Automaking to change as local production clicks into gear
The privileged regime for foreign car makers is likely to come to an end next February, meaning they will have to produce cars and source parts locally instead of assembling just them.
This week Japanese company T.RAD opens a joint plant with GAZ Group subsidiary, “Russkie mashini” to produce heating elements and other car parts. Hiromi Kanoh, President of T.RAD, says the company is looking for new customers and to expand production.
“Currently our strategy is based around one consumer – GAZ. But we do plan to extend our business in Russia and work with both Japanese and other foreign car makers. Our goal is to find new consumers by 2012.”
Foreign spare parts makers are more than welcome. Jonson Controls, Magneti Marelli, and Delphi are among those working in Russia. But it’s easier for them enter the Russian market with a local giant’s support, according to Bo Andersson, CEO of GAZ Group.
“We have a very good supply base today but in some cases we need new technology, and then it makes sense to us and foreign partners to localize.”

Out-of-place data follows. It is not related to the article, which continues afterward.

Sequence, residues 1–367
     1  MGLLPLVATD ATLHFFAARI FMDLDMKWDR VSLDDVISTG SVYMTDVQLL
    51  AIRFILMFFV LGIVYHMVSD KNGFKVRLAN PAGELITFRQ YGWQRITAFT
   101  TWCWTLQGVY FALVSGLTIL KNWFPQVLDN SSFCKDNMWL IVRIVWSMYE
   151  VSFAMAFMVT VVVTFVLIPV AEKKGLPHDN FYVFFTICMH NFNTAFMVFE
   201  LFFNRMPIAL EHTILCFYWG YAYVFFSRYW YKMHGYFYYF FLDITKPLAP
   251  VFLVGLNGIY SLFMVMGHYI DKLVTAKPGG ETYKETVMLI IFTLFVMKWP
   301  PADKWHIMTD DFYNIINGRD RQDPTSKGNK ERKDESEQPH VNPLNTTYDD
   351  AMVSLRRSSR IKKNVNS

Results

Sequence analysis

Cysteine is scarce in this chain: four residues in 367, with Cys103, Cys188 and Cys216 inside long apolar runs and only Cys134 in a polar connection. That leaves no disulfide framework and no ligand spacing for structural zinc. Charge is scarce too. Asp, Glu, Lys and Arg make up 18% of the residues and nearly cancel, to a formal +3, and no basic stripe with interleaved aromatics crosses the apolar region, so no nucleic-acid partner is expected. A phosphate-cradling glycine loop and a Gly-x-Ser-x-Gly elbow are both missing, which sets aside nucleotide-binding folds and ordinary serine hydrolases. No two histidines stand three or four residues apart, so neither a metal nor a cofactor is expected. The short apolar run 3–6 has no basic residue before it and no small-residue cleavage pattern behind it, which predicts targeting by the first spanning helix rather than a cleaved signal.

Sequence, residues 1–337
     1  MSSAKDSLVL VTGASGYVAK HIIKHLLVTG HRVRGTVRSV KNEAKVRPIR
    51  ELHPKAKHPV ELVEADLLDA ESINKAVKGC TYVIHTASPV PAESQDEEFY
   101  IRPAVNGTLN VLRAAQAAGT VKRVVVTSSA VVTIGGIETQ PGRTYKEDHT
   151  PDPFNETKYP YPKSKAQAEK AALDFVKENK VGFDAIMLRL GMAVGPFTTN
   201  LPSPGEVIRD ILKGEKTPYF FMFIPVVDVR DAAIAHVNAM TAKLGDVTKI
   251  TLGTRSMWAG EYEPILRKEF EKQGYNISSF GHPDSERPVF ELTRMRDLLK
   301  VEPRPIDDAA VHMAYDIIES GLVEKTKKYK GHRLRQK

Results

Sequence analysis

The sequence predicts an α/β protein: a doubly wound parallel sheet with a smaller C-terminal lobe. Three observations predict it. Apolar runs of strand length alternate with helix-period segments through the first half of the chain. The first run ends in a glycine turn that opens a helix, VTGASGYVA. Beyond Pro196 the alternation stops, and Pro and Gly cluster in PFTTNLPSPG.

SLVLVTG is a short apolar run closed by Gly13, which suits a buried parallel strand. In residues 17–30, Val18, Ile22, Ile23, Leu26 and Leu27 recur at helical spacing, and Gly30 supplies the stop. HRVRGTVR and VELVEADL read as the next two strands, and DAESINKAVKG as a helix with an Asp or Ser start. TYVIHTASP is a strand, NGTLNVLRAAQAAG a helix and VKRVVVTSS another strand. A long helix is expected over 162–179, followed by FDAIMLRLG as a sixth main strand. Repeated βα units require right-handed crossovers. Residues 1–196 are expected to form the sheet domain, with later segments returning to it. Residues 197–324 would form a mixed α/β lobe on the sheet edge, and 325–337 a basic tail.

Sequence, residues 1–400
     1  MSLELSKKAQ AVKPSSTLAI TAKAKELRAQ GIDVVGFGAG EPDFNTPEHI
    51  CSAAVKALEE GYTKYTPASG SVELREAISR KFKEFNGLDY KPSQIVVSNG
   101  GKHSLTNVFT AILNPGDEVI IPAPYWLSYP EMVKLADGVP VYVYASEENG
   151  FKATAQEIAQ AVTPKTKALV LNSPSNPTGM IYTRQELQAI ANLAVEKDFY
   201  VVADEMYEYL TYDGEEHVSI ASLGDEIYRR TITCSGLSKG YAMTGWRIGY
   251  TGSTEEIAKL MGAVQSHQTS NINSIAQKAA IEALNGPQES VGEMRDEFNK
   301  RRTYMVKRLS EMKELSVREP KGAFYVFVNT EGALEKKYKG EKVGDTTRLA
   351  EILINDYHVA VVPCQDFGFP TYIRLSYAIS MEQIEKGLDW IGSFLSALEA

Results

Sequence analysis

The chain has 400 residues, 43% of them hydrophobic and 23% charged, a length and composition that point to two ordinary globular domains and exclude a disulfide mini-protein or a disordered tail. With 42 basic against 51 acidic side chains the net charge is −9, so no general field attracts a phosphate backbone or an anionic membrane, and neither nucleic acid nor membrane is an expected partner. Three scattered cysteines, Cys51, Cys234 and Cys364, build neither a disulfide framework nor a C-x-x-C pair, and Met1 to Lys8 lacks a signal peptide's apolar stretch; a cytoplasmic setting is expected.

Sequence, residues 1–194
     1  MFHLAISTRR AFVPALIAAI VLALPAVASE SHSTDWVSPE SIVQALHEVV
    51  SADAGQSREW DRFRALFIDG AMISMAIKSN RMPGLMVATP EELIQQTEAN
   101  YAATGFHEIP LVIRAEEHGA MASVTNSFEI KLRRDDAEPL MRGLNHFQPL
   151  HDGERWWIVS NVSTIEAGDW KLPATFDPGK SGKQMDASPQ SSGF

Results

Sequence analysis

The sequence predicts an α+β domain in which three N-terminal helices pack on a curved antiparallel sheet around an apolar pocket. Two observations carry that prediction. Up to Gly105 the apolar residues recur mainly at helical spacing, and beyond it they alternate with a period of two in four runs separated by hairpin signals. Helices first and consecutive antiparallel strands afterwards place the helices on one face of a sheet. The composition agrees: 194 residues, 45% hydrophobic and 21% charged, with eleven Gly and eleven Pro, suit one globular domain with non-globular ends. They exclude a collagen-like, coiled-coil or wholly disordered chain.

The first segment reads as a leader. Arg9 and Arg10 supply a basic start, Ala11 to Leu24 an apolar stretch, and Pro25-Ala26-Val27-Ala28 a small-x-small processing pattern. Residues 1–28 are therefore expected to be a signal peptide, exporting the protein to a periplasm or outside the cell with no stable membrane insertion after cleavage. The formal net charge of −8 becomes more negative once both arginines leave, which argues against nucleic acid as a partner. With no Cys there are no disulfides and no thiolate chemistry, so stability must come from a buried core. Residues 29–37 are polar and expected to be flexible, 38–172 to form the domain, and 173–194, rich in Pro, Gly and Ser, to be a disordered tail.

This September the Ministry of Industry and Trade announced new rules for car makers. They should raise output to 300 000 cars a year from 25 000 and double, to 60%, the parts they source locally.
This would boost the local components industry – but Ivan Bonchev, CIS Automotive Leader at Ernst & Young, says it is too much, too soon.
“These requirements could be met by very few companies. For example these are mostly Russian OEMs who have the largest volumes, and potentially some of the foreign OEMs who are enjoying good market share, and already are selling above 100 000, close to 150 000. And the Ministry of Economic development is not favouring these very strict regulations, and they are proposing an alternative, which is much more flexible, however, not well defined either. So, I would imagine the ultimate decision will be some sort of compromise.”
Few cars nowadays have a national identity. They contain parts from around the globe. Ironically, international car makers, sourcing more of their parts in Russia, could turn out to be more Russian than the better-known domestic brands.